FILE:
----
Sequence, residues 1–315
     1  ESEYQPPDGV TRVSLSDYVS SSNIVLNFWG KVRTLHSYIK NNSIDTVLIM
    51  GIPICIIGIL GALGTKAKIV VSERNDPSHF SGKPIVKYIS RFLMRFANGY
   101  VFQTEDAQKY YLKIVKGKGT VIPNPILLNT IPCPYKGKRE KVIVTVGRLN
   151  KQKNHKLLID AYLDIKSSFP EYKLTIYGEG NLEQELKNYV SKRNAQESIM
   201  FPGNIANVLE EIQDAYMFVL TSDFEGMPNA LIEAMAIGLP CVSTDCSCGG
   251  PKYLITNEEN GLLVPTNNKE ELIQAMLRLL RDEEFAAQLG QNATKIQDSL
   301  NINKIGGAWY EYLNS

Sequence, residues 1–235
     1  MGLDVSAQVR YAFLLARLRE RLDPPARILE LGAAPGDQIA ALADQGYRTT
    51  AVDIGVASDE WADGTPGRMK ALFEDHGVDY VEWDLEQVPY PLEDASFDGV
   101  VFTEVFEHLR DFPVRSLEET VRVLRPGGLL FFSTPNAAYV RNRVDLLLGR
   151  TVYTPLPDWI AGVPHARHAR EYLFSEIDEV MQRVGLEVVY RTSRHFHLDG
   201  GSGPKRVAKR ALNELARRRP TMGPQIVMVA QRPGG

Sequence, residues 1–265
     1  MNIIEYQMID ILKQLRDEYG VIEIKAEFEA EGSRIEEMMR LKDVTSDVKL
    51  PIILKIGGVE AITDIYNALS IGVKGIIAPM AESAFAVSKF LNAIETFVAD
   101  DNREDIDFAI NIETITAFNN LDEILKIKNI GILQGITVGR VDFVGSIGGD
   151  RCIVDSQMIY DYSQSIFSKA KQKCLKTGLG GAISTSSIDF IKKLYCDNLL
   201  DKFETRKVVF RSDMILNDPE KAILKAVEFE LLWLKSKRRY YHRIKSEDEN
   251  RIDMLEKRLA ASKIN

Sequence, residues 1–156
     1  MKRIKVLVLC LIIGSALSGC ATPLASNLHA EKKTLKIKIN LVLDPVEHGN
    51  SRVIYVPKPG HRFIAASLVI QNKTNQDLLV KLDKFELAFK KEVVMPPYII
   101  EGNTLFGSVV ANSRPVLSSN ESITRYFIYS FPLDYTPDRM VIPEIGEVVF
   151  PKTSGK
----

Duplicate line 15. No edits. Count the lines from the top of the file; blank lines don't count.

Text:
Sequence, residues 1–265